As the Christmas shipping deadline looms, workers are being pushed to the limit, forcing them to risk life and limb for investor profits.
Last Friday, December 15, at approximately 2:15 pm in the afternoon, William Stubbs, 51, was killed in the United Parcel Service (UPS) Pleasantdale Road hub facility near the giant package delivery company’s headquarters in Atlanta, Georgia. In a statement to the media, a UPS spokesperson said William was a 17-year veteran and warehouse worker for UPS.
Stubbs had been assigned to unload trailers on Friday, according to a DeKalb County police spokeswoman who told the Atlanta Journal Constitution, “The victim had stepped off the dock and was standing on the ground between the dock door and the trailer that was being backed into the docking door.”
All of the statements on social media have characterized Stubbs as a good worker and well liked. He apparently did not have any immediate family. A coworker presented a different version of the events than the official account.
One worker, writing on the Facebook page of the Teamsters Local 728, said, “Will was the model employee, a good man and my friend.” He said inexperienced “corporate employees,” presumably salaried personnel, unexpectedly pulled the trailer out of the dock while William was still working inside. “They pulled the wrong trailer with him in it. He fell out of the trailer and onto the ground/yard… He tried to get back up but didn’t make it. This job was his life and they took it from him. This should not have happened.” Claudon added, “UPS should not have Corporate employees doing Teamster’s jobs.”
The drivers of the tractor trailers within a yard use a special utility vehicle to shuttle trailers to docks to be loaded or unloaded. Often the operators do not possess commercial driver’s certification required to drive on public highways.
There are many unanswered questions, including: why wasn’t the trailer chocked or restrained? Was there a signaling system that would communicate whether it was safe to move the trailer? Why has the union allowed so-called corporate workers to take up safety-sensitive positions?
There is likely a sophisticated worker surveillance system within the distribution center, which could provide detailed evidence of whether safety procedures were in place to protect workers from being crushed by trailers being backed into the docks. If such footage reveals the company is at fault, then it is reasonable to believe it will not see the light of day.
Like workers at FedEx, US Postal Service, Amazon and other package delivery corporations, UPS workers have been under the gun to meet increased demand during the Christmas holiday. Opposition among rank-and-file workers is so intense, even Teamsters President James Hoffa Jr. felt compelled to complain about understaffing and the constant strain being imposed on UPS workers this holiday season.
Earlier this month, UPS announced it was changing driver schedules from the federal Department of Transportation’s commercial drivers' schedule, 60 hours worked in a seven-day work week, to 70 hours within eight days before a driver is allowed to take 34 hours off uninterrupted. This will result in placing fatigued workers on the roadways.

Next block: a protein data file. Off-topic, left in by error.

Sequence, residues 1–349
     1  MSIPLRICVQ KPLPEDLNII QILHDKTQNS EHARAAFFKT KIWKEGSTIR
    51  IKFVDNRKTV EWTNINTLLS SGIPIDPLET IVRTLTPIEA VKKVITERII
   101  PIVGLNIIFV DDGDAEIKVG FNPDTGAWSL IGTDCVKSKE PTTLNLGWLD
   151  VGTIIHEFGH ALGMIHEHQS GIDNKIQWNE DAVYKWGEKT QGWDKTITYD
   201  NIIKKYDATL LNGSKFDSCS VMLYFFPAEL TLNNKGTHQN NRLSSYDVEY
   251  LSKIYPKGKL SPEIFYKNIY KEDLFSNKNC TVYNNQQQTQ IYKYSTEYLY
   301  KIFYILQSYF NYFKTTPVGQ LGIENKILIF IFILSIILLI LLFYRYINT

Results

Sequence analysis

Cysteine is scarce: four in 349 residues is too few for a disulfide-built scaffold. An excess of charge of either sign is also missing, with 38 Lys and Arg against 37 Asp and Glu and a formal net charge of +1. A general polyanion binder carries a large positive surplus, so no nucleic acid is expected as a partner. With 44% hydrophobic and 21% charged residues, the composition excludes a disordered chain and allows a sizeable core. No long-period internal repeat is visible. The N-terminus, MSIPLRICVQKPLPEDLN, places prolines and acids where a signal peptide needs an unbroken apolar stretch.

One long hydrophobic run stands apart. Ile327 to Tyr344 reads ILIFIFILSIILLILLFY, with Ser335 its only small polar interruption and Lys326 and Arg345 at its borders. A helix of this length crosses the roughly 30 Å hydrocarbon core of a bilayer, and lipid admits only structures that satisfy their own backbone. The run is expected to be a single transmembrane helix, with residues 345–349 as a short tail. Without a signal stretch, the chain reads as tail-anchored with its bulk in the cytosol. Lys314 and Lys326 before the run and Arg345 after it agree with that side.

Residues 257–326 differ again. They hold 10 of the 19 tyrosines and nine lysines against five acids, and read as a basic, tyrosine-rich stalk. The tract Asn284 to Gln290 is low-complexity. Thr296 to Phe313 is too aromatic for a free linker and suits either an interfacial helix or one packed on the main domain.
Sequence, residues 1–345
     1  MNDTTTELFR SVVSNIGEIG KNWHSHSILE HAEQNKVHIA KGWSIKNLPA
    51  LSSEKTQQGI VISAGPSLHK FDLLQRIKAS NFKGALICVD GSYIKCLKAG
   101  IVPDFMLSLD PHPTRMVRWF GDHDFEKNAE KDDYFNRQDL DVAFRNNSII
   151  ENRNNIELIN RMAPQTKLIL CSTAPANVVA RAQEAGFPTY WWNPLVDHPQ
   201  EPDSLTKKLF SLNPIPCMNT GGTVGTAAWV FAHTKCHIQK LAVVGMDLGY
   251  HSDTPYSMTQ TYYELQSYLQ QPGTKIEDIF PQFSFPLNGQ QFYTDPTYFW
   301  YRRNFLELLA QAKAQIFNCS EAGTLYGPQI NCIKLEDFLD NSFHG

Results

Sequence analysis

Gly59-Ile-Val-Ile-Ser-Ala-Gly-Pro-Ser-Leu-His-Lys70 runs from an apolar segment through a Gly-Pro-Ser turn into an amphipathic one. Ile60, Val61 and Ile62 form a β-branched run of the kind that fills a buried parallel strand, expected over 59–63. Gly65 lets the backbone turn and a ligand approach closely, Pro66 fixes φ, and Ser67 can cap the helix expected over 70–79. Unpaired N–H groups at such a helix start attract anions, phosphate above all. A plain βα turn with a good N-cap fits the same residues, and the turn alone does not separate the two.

UPS spokesman Dean Foust said the extended hours comply with all Department of Transportation regulations and will last until Jan. 5. The change, the company says, is due to “greater-than-expected surge in volume.” The company expects to deliver about 750 million packages this holiday season, which extends from Thanksgiving until December 31, up 40 million from the 2016 holiday season.
“If you’re doing 300 or 400 stops a day, delivering heavy packages up to 150 pounds and have to keep going and going and going and then have to put another 10 hours on top of that, it can lead to fatigue. It can make you drowsy. It can make you make a mistake in driving,” a UPS driver told the local media in Phoenix, Arizona.
With the current five-year agreement for 250,000 UPS workers expiring in July, the Teamsters have postured as opponents of the campaign of speedup. The union has done nothing, however, other than filing a series of complaints with the National Labor Relations Board. The impotent character of such appeals is underscored by the fact that the NLRB now includes Trump’s pick for the general counsel of the agency, Peter Robb, a pro-company lawyer who was President Reagan’s lead attorney in the smashing of the PATCO air traffic controllers’ union in 1981.
The Teamsters have long collaborated with UPS, which was one of the first major corporations to employ part-time and temporary employees. Workers have long complained of two-tier wage and benefit systems, unsecure hours and being buried inside trailer trucks by the cardboard packages handled by “Big Brown.” Far from protecting workers, the Teamsters union, like other unions, has set up labor-management health and safety committees, largely designed to cut workers compensation costs for management and block any real fight against unsafe conditions, understaffing and job overloading.
A number of workers spoke out about the sham nature of the UPS/IBT safety committees on Facebook. One worker posted, “The company doesn’t give a crap about safety. They’ve shown they only care about meeting production standards, no matter the cost. The Teamsters should pull ALL safety committees in every center and hub. No Teamster should be doing anything involving the company’s safety committees. We can still hold the company accountable thru the grievance process and government agencies. How many more of our Brothers and Sisters must we lose before we make a stand?”
UPS had 434,000 workers in 2016 and pulled in over $3.4 billion in profit last year.